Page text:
Phuket is grappling with a concerning outbreak of diarrhea, affecting both children and adults, with nearly five hundred cases reported. Health authorities are investigating the cause, pointing to water and gastrointestinal infections as likely culprits. The public is urged to prioritize hygiene practices, including consuming cooked, hot, and clean food and water.
On June 8, 2023, the Phuket Provincial Public Health Office, in collaboration with relevant agencies, held a press conference to address the increasing cases of gastrointestinal and waterborne diseases, leading to widespread diarrhea among both children and adults.
Dr. Kusak Kukiattikul, a Phuket Provincial Public Health Doctor, highlighted that with the onset of the rainy season in Thailand and Phuket, the cool and humid climate creates favorable conditions for the proliferation of various pathogens. Notably, acute diarrhea caused by norovirus, rotavirus, and E. coli bacteria is rampant. Contaminated food, drinking water, and ice are the main sources of infection. Dr. Kusak further explained that between June 6 and 8, 2023, the Phuket Provincial Public Health Office received reports of an average of 50 cases per day in government hospitals and 100 cases per day in private hospitals, affecting individuals of all ages across multiple areas. Instances of diarrhea among students in several schools have also been reported.
Most patients admitted to hospitals presented symptoms such as abdominal pain, vomiting, diarrhea, and, in some cases, fever. The disease has been observed in all three districts of Phuket.
To combat the situation, the Phuket Provincial Public Health Office, along with other agencies, has undertaken several actions:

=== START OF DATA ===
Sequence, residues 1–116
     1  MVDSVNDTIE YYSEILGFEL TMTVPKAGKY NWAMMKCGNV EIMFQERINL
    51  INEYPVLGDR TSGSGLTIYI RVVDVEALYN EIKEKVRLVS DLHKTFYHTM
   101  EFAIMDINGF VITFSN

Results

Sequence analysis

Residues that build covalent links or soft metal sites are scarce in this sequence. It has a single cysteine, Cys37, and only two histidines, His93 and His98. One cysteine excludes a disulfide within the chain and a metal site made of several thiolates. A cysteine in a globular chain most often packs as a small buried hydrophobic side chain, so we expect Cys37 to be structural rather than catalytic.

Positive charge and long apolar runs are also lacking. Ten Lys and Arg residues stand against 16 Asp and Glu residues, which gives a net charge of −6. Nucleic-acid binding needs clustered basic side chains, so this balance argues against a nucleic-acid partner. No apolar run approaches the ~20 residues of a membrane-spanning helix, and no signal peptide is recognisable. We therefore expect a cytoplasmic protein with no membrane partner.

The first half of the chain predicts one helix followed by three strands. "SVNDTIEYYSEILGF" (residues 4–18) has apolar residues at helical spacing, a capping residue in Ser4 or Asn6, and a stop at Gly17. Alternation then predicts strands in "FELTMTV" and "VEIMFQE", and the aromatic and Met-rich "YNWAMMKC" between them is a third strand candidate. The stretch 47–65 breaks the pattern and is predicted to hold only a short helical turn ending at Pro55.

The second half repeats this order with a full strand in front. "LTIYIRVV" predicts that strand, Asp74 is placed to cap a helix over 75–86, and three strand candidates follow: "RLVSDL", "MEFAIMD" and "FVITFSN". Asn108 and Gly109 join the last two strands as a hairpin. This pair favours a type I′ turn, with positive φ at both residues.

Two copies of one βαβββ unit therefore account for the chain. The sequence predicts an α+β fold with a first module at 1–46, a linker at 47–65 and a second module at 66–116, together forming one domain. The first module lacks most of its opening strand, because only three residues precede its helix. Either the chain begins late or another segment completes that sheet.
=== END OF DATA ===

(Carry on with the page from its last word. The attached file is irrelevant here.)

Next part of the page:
- Health facilities, both public and private, have been informed to closely monitor and report any contagious diseases related to food and water within their respective areas of responsibility.
- Educational institutions at all levels have been instructed to implement surveillance activities and preventive measures against communicable diseases originating from contaminated food and water. Students are advised to consume freshly cooked, clean food, avoid raw and stale food, and practice proper hand hygiene before eating and after using the restroom.
- Public awareness campaigns are being conducted to educate residents about preventive measures and hygienic practices. The emphasis is on consuming freshly cooked, clean food, avoiding raw or undercooked food, and maintaining proper hand hygiene. Individuals who fall ill are urged to take leave from work or school to prevent the spread of infection.
- Collaboration with local administrative organizations involves monitoring food sanitation standards in restaurants, food stalls, markets, and street food venues. Public areas are being regularly cleaned and disinfected. The wastewater and water supply systems of these organizations are also under strict supervision.
- Regional waterworks are working closely with authorities to monitor the water supply system, ensuring that the remaining free chlorine value at the end of the pipe falls within the acceptable range. Regular checks are being conducted to ensure continuous monitoring.
- Establishments involved in producing drinking water and ice are being thoroughly evaluated and monitored for safety. Inspections are conducted to assess sterilization processes, production controls, and employee hygiene. Measures are being taken to prevent contamination during ice transportation and minimize the risk of contamination.
- Surveillance efforts include collecting samples of water, ice, drinking water, feces, and vomit for pathogen detection (results pending).
To prevent diarrhea, the public is advised to adhere to the principle of “cooked, hot, clean” by consuming freshly cooked food, avoiding raw food, and drinking clean, uncontaminated water. People should scrutinize details on labels when purchasing tube ice and ensure that FDA marks are present. All overnight food should be heated before.